US officials say Assad could survive Syria
By Matthew Schofield - Mcclatchy Newspaper
March 10, 2012
WASHINGTON, — Months after the United
States sided with rebels against Syrian President
Bashar Assad, senior U.S. intelligence officials
acknowledged Friday that not only could Assad
survive the uprising, but also that they couldn't
say with confidence that the opposition represents a
majority of the Syrian people.
While the officials said they believed that the odds
were against Assad remaining in power, they don't
expect anything approaching a quick resolution to a
conflict that began last year as peaceful protests
and have since morphed into a near-civil war.
"Our sense is right now he's very much in charge,"
of their military operations, one U.S. official
said. Another noted, "He (Assad) might survive
this." The officials spoke on condition of anonymity
because of the sensitivity of the information.
The intelligence assessments run counter to a
message voiced with confidence for months by senior
administration officials including President Barack
Obama, who told a White House news conference on
Tuesday that "ultimately, this dictator will fall."
Perhaps more fundamentally, the analysis calls into
question an American foreign policy that has been
based on the idea that Assad's regime is overwhelmed
In particular, the officials made it clear that the
United States does not have a clear picture of
what's going on inside Syria. For instance, while
there have been some seemingly high-profile
defections from the Syrian military and government -
including, this week, a man who described himself as
a deputy oil minister - Assad's regime has stayed
mostly intact, which could suggest that the level of
popular discontent with the dictator isn't as high
On Friday, Turkey said that three high-ranking
Syrian military officers - two generals and a
colonel - had defected. Neither these nor the oil
official, however, were key players, the U.S.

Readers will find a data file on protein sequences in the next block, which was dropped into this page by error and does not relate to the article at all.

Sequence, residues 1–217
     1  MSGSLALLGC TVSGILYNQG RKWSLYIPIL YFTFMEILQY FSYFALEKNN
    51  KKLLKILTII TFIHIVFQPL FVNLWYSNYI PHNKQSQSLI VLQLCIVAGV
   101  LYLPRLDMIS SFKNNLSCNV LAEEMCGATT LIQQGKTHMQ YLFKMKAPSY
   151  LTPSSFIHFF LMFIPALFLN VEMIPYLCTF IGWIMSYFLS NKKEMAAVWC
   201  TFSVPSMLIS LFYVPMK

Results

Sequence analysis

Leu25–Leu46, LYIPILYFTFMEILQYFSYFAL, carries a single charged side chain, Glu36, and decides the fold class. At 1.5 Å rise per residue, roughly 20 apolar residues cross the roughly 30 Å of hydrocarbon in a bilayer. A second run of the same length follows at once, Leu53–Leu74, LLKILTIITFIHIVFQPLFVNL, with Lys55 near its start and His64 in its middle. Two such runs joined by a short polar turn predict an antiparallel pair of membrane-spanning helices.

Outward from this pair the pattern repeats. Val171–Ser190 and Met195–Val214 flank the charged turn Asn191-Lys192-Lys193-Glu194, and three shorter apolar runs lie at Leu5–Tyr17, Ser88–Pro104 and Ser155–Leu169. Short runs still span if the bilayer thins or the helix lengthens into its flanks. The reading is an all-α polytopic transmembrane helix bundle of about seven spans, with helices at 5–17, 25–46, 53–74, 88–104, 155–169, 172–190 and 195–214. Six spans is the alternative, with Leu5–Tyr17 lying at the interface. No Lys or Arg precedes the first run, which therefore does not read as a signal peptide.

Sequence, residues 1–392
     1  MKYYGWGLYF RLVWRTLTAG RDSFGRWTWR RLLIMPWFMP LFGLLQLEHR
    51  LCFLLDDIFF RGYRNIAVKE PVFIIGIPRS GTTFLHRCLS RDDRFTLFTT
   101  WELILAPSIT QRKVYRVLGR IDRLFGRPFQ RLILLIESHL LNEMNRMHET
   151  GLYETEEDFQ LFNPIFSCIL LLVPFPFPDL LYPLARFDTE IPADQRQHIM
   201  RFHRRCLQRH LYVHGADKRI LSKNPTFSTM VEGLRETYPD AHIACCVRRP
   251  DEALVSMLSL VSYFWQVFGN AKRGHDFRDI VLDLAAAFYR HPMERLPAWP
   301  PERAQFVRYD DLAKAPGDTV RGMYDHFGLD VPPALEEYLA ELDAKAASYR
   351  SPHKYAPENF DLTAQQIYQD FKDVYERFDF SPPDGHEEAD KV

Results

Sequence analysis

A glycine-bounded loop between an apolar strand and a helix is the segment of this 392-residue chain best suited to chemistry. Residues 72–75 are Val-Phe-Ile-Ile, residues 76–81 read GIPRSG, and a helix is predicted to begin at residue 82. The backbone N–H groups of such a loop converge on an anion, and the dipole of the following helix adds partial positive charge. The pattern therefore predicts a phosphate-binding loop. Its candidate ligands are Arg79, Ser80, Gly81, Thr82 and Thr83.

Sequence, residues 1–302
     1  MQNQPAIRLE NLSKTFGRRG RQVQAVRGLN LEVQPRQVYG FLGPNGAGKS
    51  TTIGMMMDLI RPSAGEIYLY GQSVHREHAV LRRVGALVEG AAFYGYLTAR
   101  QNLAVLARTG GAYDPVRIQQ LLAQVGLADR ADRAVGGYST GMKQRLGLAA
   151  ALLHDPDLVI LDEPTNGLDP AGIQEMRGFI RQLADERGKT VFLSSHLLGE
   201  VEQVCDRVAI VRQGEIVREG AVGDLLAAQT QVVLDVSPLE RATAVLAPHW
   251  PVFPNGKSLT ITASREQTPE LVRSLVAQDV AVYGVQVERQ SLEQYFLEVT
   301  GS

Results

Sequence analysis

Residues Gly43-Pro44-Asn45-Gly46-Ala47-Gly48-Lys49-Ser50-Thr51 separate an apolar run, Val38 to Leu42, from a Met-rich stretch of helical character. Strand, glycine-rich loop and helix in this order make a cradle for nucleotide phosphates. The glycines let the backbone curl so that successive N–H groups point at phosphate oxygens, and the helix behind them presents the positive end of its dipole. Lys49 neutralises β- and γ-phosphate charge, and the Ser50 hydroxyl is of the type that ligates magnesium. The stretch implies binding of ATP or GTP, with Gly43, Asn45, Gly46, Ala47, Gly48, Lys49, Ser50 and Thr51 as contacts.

The Syrian conflict is seen as a struggle of Assad's
Alawite Shiite minority against the majority Sunni
population. But the officials said that while the
military's leadership ranks are largely Alawite, the
bulk of the soldiers carrying out orders are Sunni
conscripts. Despite that, the military remains
cohesive, they said.
One official noted that other minority Syrian
populations - Christians, Kurds and Druze - "have
not abandoned the regime yet."
They said fear of retribution against the families
of defectors might be a prime reason why more
officials aren't jumping to the opposition. Another
could be that many soldiers believe Assad's claims
that they're fighting an opposition made up largely
of foreign fighters and terrorists. The officials
said that three high-profile suicide attacks aimed
at regime targets carried the mark of al-Qaida in
McClatchy Newspapers was first to report last month
that al-Qaida's Iraqi affiliate had exploited the
chaos in neighboring Syria to stage the attacks, but
the extent of links between the militant group and
the rebel force known as the Free Syrian Army
remains unclear. The officials said that the Free
Syrian Army clearly has been infiltrated by some
number of al-Qaida forces - likely using the same
routes and network that it used for years to transit
fighters from Syria into Iraq - but that the rebel
army wanted nothing to do with the terror
Pentagon officials and independent experts also have
pointed out that the opposition remains disorganized
and split by conflicting agendas. A leading member
of the main,www.ekurd.net
Turkey-based opposition group, the Syrian National
Council, said that frictions were growing because
new defectors were jockeying among themselves for
key positions on the council.
"There are internal divisions within the SNC," said
the council member, who didn't want to be named
discussing the council's internal problems.
"The main problem is SNC has gotten ... bigger each
and every day. We started with 80 people. Now we are
340 people, and every high-ranking official
defecting from the Syrian regime wants to have a big
role," he said.
For now, Iran is the primary supporter of Assad's
regime, supplying weapons as well as helping it shut
down and monitor social media and protests. The U.S.
officials said they believed the arms being supplied
were mostly light weapons such as assault rifles and
ammunition and rocket-propelled grenades.
The Syrian army could continue bombarding opposition
enclaves for "a long, long time" with current
artillery supplies, one official said.
"This was an army built for a ground war with
Israel," one official said. "They have approached
that level of commitment" in terms of its military
arsenal and personnel in the fight against the
(McClatchy Newspapers special correspondent Ipek
Yezdani contributed to this report from Istanbul.)
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